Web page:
This video proves that it really doesn’t matter what you shoot with, it’s how you tell the story.
James W. Griffiths’ Splitscreen: A Love Story won the Nokia Shorts competition in 2011. James has directed other great short films since then. However, this is one of the videos that inspired this blog.
Where did the idea for Splitscreen: A Love Story come from?
The brief was to make a film about anything but, it had to be shot on two Nokia N8 mobile phones. I think the technique evolved from wanting to tell two separate stories at the same time, then realizing I could do that in a split screen where both sides matched up.
How difficult was it shooting on a phone?
We found it quite liberating. Using just a phone we could just take it out of our pockets and shoot anything that was good for the story. There was no setting up of lights, no focus pulling, no lens changing. We used a tripod for most of the shots, and we could also rest it up against posts and walls, so using the phone was a big advantage.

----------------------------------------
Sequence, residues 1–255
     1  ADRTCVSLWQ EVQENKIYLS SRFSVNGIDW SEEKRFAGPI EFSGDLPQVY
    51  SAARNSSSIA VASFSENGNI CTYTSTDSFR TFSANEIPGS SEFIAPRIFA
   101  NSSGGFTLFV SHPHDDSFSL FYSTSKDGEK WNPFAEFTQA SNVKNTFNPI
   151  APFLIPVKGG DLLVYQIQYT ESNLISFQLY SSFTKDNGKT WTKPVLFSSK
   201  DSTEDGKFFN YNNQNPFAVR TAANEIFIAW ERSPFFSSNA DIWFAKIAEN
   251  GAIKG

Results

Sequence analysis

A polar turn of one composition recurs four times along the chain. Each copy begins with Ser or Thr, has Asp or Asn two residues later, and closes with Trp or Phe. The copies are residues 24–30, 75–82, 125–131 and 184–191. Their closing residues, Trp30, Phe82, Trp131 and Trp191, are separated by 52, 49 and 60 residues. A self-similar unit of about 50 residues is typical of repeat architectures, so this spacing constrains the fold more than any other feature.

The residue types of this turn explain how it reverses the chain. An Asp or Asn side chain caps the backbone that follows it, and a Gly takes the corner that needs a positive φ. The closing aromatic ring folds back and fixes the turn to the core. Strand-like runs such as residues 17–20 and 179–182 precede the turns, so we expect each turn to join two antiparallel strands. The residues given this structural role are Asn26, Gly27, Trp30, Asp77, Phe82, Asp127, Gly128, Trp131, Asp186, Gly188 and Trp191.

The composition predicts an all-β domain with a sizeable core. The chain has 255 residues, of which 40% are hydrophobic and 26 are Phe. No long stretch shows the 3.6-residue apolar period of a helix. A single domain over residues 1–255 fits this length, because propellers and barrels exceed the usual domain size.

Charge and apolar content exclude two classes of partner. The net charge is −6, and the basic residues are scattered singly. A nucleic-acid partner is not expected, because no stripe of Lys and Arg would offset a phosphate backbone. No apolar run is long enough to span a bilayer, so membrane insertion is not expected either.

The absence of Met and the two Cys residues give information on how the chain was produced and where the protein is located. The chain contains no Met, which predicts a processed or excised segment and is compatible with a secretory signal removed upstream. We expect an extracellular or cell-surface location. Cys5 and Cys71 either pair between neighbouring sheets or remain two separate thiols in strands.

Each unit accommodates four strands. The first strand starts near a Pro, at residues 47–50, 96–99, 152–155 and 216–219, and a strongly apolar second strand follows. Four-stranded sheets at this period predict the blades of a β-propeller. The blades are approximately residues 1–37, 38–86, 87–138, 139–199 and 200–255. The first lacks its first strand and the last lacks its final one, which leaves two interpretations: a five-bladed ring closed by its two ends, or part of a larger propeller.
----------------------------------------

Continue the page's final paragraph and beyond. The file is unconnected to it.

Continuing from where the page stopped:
You told me you didn’t storyboard any of these shot. How were you able to match the shots so well?
We had two phones, so we could watch footage back on one, while matching the shot on the other.
Everything is inspired by everything. What’s your philosophy on imitation vs inspiration?
Originality is what we should strive for. Of course inspiration can be taken from what has gone before it but if everybody just copied instead of innovating then we would all still be making silent black and white movies.